I love the students who show up with their mats and their water. They have their special clothes and they like a certain place in the room. Sometimes, they pick themselves up and try another corner. Sometimes, they find their space taken by someone new and they have to accommodate a change they didn’t want. Ah well. Such is life. They move and find a new space to inhabit. It’s a lesson, whether they realize it at the moment or not.

Someone asked me recently what my favorite part of yoga class is. ‘That’s easy,’ I said. ‘The sangha.’

She shrugged.

‘The community of folks,’ I said. ‘All of us hanging out.’

She clarified. ‘No, no, I mean, like the sun salutes or the backbends or handstands.’

‘Oh,’ I said. ‘Then it’s the breath.’ It’s true: I do love hearing everyone breathing. It’s hypnotic. And slightly euphoric.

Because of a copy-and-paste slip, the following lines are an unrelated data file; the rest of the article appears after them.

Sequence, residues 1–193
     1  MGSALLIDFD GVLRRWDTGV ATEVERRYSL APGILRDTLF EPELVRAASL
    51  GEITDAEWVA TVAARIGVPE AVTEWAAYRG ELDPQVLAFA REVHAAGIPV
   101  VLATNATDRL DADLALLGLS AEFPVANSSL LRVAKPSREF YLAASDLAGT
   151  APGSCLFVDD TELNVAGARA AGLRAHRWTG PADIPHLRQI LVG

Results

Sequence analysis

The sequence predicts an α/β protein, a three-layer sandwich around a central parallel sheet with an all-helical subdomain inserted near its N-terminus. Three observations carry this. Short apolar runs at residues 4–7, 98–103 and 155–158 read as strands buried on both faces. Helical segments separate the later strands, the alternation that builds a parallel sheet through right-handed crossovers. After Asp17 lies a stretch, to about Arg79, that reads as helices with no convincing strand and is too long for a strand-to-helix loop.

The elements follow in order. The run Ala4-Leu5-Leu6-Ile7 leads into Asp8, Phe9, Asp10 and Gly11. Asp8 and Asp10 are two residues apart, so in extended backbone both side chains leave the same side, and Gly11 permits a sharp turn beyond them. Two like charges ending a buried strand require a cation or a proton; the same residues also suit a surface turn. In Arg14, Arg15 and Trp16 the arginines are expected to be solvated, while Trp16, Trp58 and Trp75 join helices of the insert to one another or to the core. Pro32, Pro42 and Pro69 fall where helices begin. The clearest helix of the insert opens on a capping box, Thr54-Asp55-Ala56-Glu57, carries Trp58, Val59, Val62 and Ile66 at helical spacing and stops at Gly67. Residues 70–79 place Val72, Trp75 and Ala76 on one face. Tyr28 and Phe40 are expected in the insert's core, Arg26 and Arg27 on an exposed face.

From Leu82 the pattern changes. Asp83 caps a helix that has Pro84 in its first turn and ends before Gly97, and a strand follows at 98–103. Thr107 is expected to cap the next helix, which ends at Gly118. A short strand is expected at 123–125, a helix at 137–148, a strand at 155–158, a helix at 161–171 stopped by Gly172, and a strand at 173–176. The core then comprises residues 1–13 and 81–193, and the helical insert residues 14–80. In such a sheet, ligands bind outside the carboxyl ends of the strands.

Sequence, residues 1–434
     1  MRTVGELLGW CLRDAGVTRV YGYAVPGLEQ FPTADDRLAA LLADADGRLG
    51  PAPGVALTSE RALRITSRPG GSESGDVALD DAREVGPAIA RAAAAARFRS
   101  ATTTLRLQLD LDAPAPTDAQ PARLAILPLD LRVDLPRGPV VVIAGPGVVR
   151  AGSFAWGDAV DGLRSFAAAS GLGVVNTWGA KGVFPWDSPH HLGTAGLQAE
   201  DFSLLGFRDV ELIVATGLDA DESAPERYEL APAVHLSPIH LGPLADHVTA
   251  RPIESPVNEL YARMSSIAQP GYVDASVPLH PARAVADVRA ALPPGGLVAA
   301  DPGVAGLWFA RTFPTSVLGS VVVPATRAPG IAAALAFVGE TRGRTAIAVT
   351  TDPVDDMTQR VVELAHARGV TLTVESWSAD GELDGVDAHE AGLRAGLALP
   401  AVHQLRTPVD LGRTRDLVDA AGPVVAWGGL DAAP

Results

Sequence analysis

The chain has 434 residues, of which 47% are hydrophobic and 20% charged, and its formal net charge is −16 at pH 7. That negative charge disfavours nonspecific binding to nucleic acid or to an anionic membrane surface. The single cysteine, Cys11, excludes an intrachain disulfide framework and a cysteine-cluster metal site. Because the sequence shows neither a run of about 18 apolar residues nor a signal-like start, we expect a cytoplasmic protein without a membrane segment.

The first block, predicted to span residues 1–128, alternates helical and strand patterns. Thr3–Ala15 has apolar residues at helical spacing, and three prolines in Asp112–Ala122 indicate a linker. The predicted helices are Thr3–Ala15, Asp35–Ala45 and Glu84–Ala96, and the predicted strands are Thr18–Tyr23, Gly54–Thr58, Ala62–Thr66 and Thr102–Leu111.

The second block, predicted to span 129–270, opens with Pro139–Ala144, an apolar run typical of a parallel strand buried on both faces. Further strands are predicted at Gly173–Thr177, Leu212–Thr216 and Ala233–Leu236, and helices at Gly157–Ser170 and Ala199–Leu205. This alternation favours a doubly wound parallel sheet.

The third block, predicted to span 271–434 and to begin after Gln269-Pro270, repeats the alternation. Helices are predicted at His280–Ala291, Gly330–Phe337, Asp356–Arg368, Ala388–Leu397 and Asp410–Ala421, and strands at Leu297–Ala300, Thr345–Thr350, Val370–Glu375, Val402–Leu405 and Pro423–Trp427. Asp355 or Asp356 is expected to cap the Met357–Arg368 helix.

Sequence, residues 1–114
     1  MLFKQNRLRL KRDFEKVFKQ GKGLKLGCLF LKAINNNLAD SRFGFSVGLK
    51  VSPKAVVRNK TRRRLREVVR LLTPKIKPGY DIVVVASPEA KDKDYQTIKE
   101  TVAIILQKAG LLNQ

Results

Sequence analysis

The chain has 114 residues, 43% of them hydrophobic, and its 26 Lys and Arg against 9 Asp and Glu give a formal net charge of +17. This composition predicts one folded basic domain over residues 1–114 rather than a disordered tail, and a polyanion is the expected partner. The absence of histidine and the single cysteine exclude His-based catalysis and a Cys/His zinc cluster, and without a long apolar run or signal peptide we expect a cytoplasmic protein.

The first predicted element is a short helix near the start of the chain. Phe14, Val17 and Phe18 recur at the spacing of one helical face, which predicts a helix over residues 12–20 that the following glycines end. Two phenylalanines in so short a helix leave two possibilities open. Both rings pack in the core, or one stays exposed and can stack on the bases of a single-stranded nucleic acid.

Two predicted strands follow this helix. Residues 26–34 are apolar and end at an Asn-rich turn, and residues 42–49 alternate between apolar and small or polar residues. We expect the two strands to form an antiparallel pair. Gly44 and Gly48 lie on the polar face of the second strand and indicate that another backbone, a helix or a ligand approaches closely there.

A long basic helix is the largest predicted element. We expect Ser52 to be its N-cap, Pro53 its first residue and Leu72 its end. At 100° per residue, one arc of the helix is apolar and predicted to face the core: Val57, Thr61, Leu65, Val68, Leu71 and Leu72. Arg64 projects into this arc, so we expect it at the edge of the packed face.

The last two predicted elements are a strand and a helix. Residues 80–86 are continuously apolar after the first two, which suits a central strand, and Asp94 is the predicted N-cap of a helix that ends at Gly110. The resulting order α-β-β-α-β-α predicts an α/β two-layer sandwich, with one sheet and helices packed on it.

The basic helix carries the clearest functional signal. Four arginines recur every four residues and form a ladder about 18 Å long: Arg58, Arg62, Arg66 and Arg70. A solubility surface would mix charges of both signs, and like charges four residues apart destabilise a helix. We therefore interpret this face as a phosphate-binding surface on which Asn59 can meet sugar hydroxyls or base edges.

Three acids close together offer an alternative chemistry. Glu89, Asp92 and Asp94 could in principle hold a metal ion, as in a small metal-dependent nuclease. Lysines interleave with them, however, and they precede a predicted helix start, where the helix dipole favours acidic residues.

She shrugged again and I felt like I should just stop answering her questions. I made nice and said that I like teaching all the poses and I love the hello and good-bye portion of class. (Also true. People come in a little scattered; people leave with bright eyes. It makes me melt a little to see them transit through these phases.)

The woman told me that she liked savasana.

‘Yay,’ I said. ‘Me too.’ Because sometimes I try to make nicer than nice. (Though I do love savasana. I mean, come on. I’m not totally crazy!)